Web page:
This document offers clear definitions of core intervention and implementation components and their influences on successful implementation.
Core components are the most essential and indispensable components of an intervention practice or program (“core intervention components”) or the most essential and indispensable components of an implementation practice or program (“core implementation components”).
Part of an implementer’s goal is to implement only those attributes of a program or practice that are replicable and add value. Core intervention components are, by definition, essential to achieving good outcomes for consumers. However, understanding and adhering to the principles of intervention underlying each core component may allow for flexibility in form (e.g. processes and strategies) without sacrificing the function associated with the component. Knowing the core intervention components may allow for more efficient and cost effective implementation and lead to decisions about what can be adapted to suit local conditions. Core intervention components may best be defined after a number of attempted applications of a program or practice, not just the original one.
The goal of implementation is to have practitioners base their interactions with clients and stakeholders on research findings (evidence-based practices and programs). Core implementation components help accomplish this task. The core implementation components are: staff selection, preservice and inservice training, ongoing consultation and coaching, staff and program evaluation, facilitative administrative support, and systems interventions.
These are interactive components that can compensate for one another so that a weakness in one component can be overcome by strengths in other components. Organizations are dynamic and there is an ebb and flow to the relative contribution of each component to the overall outcomes. The feedback loops are important in keeping the evidence-based program “on-track.” If the feedback loops (staff or process evaluations) indicate needed changes, then the system needs to be adjusted to improve effectiveness or efficiency.
Critical functions of implementation consist of practitioner training, coaching the practitioner on the job, regularly assessing fidelity, and using that information to improve the performance of practitioners who are selected for the position.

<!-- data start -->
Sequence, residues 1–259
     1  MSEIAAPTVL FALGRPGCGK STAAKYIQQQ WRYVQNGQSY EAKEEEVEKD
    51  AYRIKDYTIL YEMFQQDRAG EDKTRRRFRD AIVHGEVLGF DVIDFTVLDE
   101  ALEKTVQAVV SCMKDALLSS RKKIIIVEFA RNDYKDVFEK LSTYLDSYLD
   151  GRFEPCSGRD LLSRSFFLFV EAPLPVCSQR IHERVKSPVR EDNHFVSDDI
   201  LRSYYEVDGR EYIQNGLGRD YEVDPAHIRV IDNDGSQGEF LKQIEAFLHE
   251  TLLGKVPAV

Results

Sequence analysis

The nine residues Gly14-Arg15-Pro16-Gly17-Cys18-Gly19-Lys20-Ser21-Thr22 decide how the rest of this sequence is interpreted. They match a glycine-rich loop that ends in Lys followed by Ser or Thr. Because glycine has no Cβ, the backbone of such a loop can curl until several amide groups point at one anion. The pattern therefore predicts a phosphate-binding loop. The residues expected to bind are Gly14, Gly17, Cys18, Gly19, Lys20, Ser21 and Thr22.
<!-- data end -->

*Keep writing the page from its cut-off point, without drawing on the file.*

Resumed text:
The core implementation components are important in changing the behavior of practitioners and other personnel who are key providers of evidence-based practices within an organization. The core components are contained within and supported by an organization that establishes facilitative administrative structures and processes to select, train, coach, and evaluate the performance of practitioners and other key staff members; carries out program evaluation functions to provide guidance for decision making; and intervenes in external systems to assure ongoing resources and support for the evidence-based practices within the organization. The core components must be present for the implementation to occur with fidelity and good outcomes. The organizational components must be present to enable and support those core components over the long term. And, all of this must be accomplished over the years in the context of variable but influential changes in governments, leadership, funding priorities, economic boom-bust cycles, shifting social priorities, and so on.
Implementation of evidence-based practices and programs almost always requires organizational change. The elements often described as important to organizational change are:
Fixsen, DL, Naoom, SF, Blase, KA, Friedman, RM, and Wallace, F. (2005). Implementation research: A synthesis of the literature. Tampa, FL: The National Implementation Research Network, Louis de la Parte Florida Mental Health Institute, University of Florida.
Developed under the Substance Abuse and Mental Health Services Administration’s (SAMHSA) Center for the Application of Prevention Technologies contract. Reference #HHSS277200800004C. For training and/or technical assistance purposes only.